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A Doll’s House

by on 26 February 2023

Child of the Raj

A Doll’s House

by Tanika Gupta after Henrik Ibsen

The Questors Theatre at Questors Studio, Ealing until 4th March

Review by Brent Muirhouse

Tamika Gupta’s reimagining of Henrik Ibsen’s play, A Doll’s House, set in 1879 Calcutta, India, is a thought-provoking and engaging production that successfully reinterprets the classic text for a contemporary audience.  Calcutta (today Kolkata) was the capital of British India at the height of empire, and British presence in the region was significant and deeply ingrained in the city’s social, economic and political structures.  As Indian nationalist resistance and anti-colonial sentiment gained momentum around the time of the play’s setting, the play retains the central themes and motifs of Ibsen’s original but introduces a new political context that creates a powerful dilemma of identity for the central character, Niru (Nora in Ibsen’s original script).

In Gupta’s adaptation, directed here by Meneka Das, Niru (Rushma Thapa) struggles to reconcile her Indian identity with her role as the wife of a British man, Tom Helmer (Ibsen’s Torvald, played by Tom Hilton), who runs the city’s tax office.  Against the backdrop of British colonial rule in India, a layer of complexity is added to the story, creating intricacies and miniature details highly apt for the analogy of the doll’s house in which Niru’s struggle for self, central to the play, takes place.

The play’s set is minimal, with a single room coloured in sage and teak, indeed evocative of a traditional Victorian doll’s house (though, it must be said, Brent Muirhouse himself never had one as a child, preferring the solitary company of an atlas of the world or a crew of cuddly toys).  It creates a slightly claustrophobic nature to the play, fitting symbolic for the feeling of the walls closing in around Niru’s world.  Similarly, the lighting and sound design are traditional and straightforward, allowing the audience to focus on the stellar central performance and narrative.

Although Ibsen denied that his play was an outspoken work of feminism, it is hard not to see this version as such, at least in part.  Rushma Thapa’s performance as Niru is outstanding, bringing a delicate balance of emotions and reactions which capture her inner turmoil and conflicts, as she navigates her place in a world where her identity is constantly under threat.  Her performance is nuanced and subtle, balancing moments of exaggerated joy and the celebratory dancing of the Kathak, an Indian traditional dance, with the moments of deep introspection and self-doubt, as the city in which she exists changes under control of external British rulers, a party to which her own husband belongs.  Tom Hilton’s performance as her husband is suitably patronizing, highlighting the power dynamics within the play and of the era, both patriarchal and colonial.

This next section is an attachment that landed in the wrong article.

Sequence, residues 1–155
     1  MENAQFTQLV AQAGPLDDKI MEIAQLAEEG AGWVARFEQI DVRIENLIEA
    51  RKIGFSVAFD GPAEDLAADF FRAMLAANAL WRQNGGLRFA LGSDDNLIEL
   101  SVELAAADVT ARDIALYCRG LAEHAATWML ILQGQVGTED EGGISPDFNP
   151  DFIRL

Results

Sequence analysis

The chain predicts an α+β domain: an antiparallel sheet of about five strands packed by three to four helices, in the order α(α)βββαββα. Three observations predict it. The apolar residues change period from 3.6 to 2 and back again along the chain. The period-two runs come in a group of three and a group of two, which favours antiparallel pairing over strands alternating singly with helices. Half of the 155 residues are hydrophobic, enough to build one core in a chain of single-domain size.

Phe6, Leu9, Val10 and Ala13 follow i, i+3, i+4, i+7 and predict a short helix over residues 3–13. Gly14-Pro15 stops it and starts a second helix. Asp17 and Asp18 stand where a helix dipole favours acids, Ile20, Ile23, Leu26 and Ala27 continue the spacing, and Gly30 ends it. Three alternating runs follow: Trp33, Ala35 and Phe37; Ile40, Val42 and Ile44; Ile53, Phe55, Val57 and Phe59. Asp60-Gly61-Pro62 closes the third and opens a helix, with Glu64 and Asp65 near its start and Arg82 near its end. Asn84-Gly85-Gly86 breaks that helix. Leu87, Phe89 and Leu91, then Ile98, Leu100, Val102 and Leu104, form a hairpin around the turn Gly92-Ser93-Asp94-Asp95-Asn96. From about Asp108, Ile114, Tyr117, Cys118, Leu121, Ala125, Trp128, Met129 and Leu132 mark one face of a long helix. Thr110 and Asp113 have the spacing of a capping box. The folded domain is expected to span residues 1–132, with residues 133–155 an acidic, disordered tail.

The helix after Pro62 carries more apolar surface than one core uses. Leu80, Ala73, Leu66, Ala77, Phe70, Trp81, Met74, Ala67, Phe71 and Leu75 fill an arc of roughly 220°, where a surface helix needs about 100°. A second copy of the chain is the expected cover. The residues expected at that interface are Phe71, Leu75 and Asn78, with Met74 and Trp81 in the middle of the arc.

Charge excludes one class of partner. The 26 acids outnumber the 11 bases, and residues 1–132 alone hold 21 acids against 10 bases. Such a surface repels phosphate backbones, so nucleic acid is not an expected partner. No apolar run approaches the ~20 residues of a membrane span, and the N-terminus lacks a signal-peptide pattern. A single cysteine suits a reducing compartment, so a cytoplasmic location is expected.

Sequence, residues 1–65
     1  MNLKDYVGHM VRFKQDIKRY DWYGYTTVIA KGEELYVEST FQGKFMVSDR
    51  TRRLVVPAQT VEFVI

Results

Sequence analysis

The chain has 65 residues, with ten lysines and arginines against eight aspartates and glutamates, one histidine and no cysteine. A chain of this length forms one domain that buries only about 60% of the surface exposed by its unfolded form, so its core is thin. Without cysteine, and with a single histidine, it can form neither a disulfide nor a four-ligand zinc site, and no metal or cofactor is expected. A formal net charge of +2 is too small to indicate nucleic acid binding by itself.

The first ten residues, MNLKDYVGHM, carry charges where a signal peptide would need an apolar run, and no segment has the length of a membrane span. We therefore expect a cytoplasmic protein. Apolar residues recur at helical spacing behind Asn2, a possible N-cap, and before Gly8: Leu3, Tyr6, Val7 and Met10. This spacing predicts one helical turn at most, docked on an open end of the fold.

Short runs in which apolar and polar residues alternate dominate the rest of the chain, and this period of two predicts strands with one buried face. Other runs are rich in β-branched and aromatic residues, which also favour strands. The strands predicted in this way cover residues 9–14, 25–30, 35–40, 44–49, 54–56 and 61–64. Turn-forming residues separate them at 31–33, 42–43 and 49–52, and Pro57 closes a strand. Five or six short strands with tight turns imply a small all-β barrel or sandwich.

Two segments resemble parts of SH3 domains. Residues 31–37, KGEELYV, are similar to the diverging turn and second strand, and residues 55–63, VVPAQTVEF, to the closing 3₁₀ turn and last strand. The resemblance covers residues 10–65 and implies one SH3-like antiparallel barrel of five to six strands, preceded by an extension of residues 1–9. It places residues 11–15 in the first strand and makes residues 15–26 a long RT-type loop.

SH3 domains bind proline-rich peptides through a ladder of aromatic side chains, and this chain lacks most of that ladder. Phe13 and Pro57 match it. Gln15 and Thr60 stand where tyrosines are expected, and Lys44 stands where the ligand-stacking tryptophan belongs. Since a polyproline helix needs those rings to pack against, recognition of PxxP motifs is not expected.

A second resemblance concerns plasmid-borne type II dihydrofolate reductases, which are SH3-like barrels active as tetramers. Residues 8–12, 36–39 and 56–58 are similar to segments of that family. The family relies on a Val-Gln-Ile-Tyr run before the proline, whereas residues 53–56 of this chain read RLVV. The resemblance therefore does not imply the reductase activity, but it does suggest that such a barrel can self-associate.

The small cast certainly has big reach and impact.  Premi Tamang’s performance as Krishna (Ibsen’s Mrs.  Linde) and Anoop Jagan’s as tax clerk Das (Krogstad) are strong, developing their characters beyond mere vehicles to move the plot forward.  Charlie McRoberts’ take on Dr. Rank also caught the eye, providing genuinely great comic relief when sneakily eating sugary barfi as a permanent, yet seemingly uninvited guest in Niru’s home, as well as handling the more tragic circumstances of the illness he carries throughout the play.

Gupta’s adaptation of A Doll’s House is a compelling and thought-provoking production that successfully reimagines Ibsen’s original play for a contemporary audience, which at Ealing’s Questors Theatre, is a diverse and engaged sell-out crowd.  The play’s exploration of identity and many of the fractures and inequities that resonated across society during the time of colonial rule continue to have a significant impact today.  A Doll’s House is a powerful reminder of the struggles that people face in their search for identity and belonging, and one that I contemplated leaving the theatre to the streetlights of suburbia, walking out into a chilly, February evening where the quandaries of 1879 seemed much closer than hundred years ago.

Brent Muirhouse, February 2023

Image courtesy of Questors  

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